The Page Description Language (PDL) is a language that describes the appearance of a printed page at a higher level than an actual output bit map. The ePCL stack supports a number of page description languages for flexibility to adapt to various printer capabilities. For example, the ePCL uses Portable Document Format (PDF) to represent documents in a manner that is independent of application software, hardware and operating systems. In some situations, it may be desirable to use a PDF version with a full complement of commands, such as PDF 1.4, PDF 1.7 or PDF 2.0.
 However, for devices with low computational ability and/or low memory capacity or networks with lower data transmission rates, documents rendered using full function PDF can be undesirable. Documents rendered in PDF are typically not streamable because the entire document must be sent to the computing device or printer before the document can be entirely understood. For example, the first bit of a PDF file can be, in theory, altered by the last bit of the PDF file. For example, the last segment of the PDF file could change the font table for the whole file. Thus, the whole PDF file must be received by the printer prior to printing. For large PDF files, there can be an unacceptable delay while the complete PDF file is downloaded to the printer. Further, printers with low computational ability and/or low memory capacity may be unable to store and render large PDF files. Even so called "streamable" or "linear" PDF files are not actually streamable. Linear PDF files use commands that can radically alter the printing of preceding portions of the data file. A specific example is a linear PDF file that is transmitted to a printer where, near the end of the PDF file, the orientation of the page is designated as being in landscape orientation rather than portrait orientation. This changes the printing of the entire document.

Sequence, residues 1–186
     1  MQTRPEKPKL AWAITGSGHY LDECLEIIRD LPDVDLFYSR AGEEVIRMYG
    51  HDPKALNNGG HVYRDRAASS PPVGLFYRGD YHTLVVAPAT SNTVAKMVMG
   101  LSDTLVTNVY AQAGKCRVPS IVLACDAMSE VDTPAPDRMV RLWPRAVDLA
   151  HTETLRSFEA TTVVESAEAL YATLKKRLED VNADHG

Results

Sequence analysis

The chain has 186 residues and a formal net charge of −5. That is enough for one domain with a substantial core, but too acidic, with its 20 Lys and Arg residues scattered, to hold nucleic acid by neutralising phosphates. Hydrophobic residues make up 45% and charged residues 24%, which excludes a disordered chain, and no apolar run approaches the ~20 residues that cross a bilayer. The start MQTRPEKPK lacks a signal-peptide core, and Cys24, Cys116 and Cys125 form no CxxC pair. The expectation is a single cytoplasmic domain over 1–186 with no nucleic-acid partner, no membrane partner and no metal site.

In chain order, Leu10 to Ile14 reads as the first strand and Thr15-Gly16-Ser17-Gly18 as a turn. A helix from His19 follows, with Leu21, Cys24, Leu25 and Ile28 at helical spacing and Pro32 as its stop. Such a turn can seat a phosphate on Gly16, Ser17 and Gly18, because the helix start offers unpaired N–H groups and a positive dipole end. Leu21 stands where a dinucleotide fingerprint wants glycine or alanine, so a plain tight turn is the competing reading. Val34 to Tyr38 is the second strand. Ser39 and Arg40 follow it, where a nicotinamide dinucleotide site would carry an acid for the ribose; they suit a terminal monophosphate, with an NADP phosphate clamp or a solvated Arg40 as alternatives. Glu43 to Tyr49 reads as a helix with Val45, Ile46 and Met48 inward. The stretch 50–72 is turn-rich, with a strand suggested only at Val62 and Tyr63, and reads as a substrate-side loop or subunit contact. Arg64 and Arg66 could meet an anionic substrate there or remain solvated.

Consequently, the printing of a full function PDF document cannot be started until the complete PDF file is available to the printer. As discussed above, some printers may lack the memory and/or computing power to store and process large PDF files. Further, waiting for the complete PDF file to be transferred to the printer can result in an unacceptably long delay before printing begins. Thus, using the PDF format with its complete command set is not tenable for some printing situations.